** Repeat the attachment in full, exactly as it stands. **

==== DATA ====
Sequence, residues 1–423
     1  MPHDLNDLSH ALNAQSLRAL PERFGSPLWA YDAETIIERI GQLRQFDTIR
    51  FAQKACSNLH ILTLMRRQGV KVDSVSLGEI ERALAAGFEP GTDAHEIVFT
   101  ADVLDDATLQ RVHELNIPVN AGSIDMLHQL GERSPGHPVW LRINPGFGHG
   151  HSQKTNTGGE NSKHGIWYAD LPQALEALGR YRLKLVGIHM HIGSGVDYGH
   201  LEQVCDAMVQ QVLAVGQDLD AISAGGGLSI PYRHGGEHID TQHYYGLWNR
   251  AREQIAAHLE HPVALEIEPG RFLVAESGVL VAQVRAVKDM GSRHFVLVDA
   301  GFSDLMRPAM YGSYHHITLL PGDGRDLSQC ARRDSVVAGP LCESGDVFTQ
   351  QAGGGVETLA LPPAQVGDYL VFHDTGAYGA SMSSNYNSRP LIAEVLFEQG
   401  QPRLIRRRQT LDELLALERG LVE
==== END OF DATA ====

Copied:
Sequence, residues 1–423
     1  MPHDLNDLSH ALNAQSLRAL PERFGSPLWA YDAETIIERI GQLRQFDTIR
    51  FAQKACSNLH ILTLMRRQGV KVDSVSLGEI ERALAAGFEP GTDAHEIVFT
   101  ADVLDDATLQ RVHELNIPVN AGSIDMLHQL GERSPGHPVW LRINPGFGHG
   151  HSQKTNTGGE NSKHGIWYAD LPQALEALGR YRLKLVGIHM HIGSGVDYGH
   201  LEQVCDAMVQ QVLAVGQDLD AISAGGGLSI PYRHGGEHID TQHYYGLWNR
   251  AREQIAAHLE HPVALEIEPG RFLVAESGVL VAQVRAVKDM GSRHFVLVDA
   301  GFSDLMRPAM YGSYHHITLL PGDGRDLSQC ARRDSVVAGP LCESGDVFTQ
   351  QAGGGVETLA LPPAQVGDYL VFHDTGAYGA SMSSNYNSRP LIAEVLFEQG
   401  QPRLIRRRQT LDELLALERG LVE